The Khmer New Year is on the move right now and Cambodia is on parties everywhere. Here some facts and recommendations.
Although the proper Khmer New Year is on April 13 this 2015, actually celebrations start one week before. Children and young people gather on night time in villages to play traditional games. The celebration marks also the beginning of the raining season, so people through flour and water on the streets as a way to express happiness and friendship – well, as for friendship, every year there are many quarrels around the country for this game, because not everyone understands it as a friendship act…
Children wash their parents – as you washed me when I was a kid, now I wash you to pay respect to you. It includes the washing of the King in Phnom Penh. It is a way to thanks the love of our parents. Then Cambodians visit the pagodas and bring a lot food offering to the monks. Most pagodas have cultural and traditional programs. During the Khmer New Year to visit pagodas is the most recommended action to do, especially during the night. Pagodas profit this time to gather funds to finish constructions or to provide some help for the same community, so to make contributions to the monks is always good.
Dear volunteers, I would like to give you some recommendations and notes to work with Cambodian people, especially with students and staff.
The Cambodian culture and traditions is difficult to understand for Western people, so it is necessary to know some principles that would help you to coordinate your work with them.
I appreciate very much your contribution and I am sure that Cambodia need the transference of knowledge, skill and ethics if it wants to develop its society. At the same time, we need to protect and promote the best of the Cambodian culture and traditions. Continue reading →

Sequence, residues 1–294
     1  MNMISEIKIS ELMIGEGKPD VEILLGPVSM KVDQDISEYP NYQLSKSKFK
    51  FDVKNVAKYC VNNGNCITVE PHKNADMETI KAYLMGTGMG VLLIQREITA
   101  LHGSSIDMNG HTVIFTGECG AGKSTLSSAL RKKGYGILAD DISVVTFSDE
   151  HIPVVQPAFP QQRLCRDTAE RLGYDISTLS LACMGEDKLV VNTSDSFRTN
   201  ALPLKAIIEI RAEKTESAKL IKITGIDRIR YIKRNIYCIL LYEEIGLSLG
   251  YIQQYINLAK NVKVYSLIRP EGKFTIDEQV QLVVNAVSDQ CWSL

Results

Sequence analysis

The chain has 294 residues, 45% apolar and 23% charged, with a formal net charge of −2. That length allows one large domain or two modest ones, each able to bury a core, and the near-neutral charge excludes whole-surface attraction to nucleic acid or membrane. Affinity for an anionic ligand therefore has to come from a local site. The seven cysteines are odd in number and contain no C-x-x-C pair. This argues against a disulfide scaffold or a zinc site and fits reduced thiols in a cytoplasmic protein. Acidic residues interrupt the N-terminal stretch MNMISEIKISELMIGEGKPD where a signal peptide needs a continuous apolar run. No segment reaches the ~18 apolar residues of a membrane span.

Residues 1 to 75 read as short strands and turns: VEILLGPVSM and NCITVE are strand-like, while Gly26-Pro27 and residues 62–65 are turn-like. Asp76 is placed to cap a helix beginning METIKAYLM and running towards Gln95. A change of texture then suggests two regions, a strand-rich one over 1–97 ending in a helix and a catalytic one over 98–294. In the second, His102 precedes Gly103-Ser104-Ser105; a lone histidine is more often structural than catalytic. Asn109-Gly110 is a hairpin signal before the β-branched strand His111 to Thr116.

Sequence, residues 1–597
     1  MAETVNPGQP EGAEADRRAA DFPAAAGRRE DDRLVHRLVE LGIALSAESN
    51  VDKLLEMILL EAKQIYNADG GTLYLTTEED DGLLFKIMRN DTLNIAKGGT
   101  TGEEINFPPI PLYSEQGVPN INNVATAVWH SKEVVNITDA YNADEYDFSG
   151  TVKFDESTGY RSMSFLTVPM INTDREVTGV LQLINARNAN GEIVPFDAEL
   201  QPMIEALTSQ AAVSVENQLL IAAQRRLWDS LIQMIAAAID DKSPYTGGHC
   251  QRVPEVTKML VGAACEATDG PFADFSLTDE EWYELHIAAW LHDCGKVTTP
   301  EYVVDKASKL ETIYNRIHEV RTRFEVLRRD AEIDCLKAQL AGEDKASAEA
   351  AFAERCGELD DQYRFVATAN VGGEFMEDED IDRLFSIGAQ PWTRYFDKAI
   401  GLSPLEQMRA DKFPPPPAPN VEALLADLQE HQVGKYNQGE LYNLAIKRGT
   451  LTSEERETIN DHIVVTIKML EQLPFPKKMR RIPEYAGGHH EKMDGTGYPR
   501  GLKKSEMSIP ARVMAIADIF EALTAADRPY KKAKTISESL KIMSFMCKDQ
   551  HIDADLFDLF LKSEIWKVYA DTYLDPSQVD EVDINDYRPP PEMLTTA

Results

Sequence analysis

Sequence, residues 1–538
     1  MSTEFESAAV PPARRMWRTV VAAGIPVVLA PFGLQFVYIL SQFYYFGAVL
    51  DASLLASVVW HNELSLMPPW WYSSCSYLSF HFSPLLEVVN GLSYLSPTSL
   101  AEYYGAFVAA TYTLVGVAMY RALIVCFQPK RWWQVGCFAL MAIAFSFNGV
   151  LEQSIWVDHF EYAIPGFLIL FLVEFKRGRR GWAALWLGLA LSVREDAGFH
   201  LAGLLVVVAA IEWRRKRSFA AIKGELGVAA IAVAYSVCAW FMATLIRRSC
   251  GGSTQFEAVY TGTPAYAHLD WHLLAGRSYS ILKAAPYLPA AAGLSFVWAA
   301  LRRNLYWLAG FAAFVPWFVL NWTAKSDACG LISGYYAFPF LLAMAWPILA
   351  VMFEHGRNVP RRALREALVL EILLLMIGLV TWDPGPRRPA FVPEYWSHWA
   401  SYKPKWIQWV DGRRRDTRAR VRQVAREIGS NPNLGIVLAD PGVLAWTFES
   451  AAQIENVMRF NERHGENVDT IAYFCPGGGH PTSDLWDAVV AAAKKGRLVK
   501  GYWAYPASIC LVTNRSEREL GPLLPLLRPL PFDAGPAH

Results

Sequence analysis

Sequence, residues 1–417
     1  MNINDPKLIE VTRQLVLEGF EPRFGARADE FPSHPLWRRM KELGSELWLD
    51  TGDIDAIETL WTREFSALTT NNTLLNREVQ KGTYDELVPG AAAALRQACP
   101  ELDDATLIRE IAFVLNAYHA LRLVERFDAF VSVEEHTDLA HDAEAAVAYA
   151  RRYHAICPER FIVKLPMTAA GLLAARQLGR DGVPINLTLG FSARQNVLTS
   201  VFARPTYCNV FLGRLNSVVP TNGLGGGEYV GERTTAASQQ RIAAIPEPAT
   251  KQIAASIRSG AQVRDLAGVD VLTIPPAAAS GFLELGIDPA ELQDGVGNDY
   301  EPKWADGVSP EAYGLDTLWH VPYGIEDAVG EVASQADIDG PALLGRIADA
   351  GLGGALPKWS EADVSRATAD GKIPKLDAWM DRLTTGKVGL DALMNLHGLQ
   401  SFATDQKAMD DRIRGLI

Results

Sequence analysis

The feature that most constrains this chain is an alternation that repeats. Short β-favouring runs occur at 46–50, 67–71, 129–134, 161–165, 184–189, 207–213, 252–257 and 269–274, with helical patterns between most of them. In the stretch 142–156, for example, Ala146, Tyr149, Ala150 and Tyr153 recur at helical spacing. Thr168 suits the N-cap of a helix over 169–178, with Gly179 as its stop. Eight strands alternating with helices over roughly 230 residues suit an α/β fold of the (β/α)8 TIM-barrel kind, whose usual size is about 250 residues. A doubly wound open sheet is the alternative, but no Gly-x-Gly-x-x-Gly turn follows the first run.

It is not that people stop to read books… it is that they are reading books in digital forms.
In Cambodia there is not a culture of reading and the process must start by supporting schools and creating a national campaign on education.
In Cambodia there is not a decline in the culture of reading books, as it is the case in many countries. They can say that during the last decade new generations read less and less books, but it is not the same in Cambodia. After the troublesome decades of wars and conflicts, there is not a culture of reading books and, frankly, there are very little efforts to promote reading. It comes especially in a time of crisis for the paper book before the advance of digitization. According to a report by Spanish blog Ser Escritor, only in Spain two bookstores are closed everyday, a phenomenon that happens in industrialized countries, while developing nations increase their consumption of books (Ordoñana, Merino y Mayoz, 2015.)
Too many casinos in Cambodia, too many phones, motorbikes and cars… too few schools, too few teachers, too few campaigns to educate people on what really matters. The most shocking of this video is to see a young man dying in front to an iPhone camera and the guy recording doing nothing, just getting his image to post in his Facebook!
The current intention to explain why tropical countries are poorer than those countries in the temperate zone could touch a big variety of proposals, some of them of arguable position. For example, Jeffrey D. Sachs exposes that tropical regions have low agricultural productivity and the burden of tropical diseases:
“As Sachs sees it, tropical regions face two related major ecological handicaps: low agricultural productivity and a high burden of disease. Tropical soils are typically depleted by the effects of heavy rainfall, for example, and tropical crops are beset by pests and parasites that thrive in hot climates without winter frosts. Similarly, warm climates favor the transmission of many tropical diseases that are borne by insects and bacteria.” (Bloomberg, 2001)
I just published my book “Introduction to Khmer language for Spanish people.” It is a long story starting in 1999 when I arrived to Phnom Penh without speaking even English. Looking Khmer lessons for Spanish speaking people like me proved to be a difficult task. There was nothing. Cambodia and its Khmer culture was so unknown to the Spanish world as Spanish was a rare thing for most Cambodians at the time. I remember that I began to know some Cambodian professionals in Phnom Penh, who have studied in Cuba and could speak Spanish. Many of them were doctors, since many Cambodians went to study medicine in La Habana under the Vietnamese occupation. Back in Cambodia, they got good jobs in the capital with their Cuban wives and speaking a beautiful Caribbean Spanish. Meeting a Colombian was a wonder for them and one thought me Khmer for some time.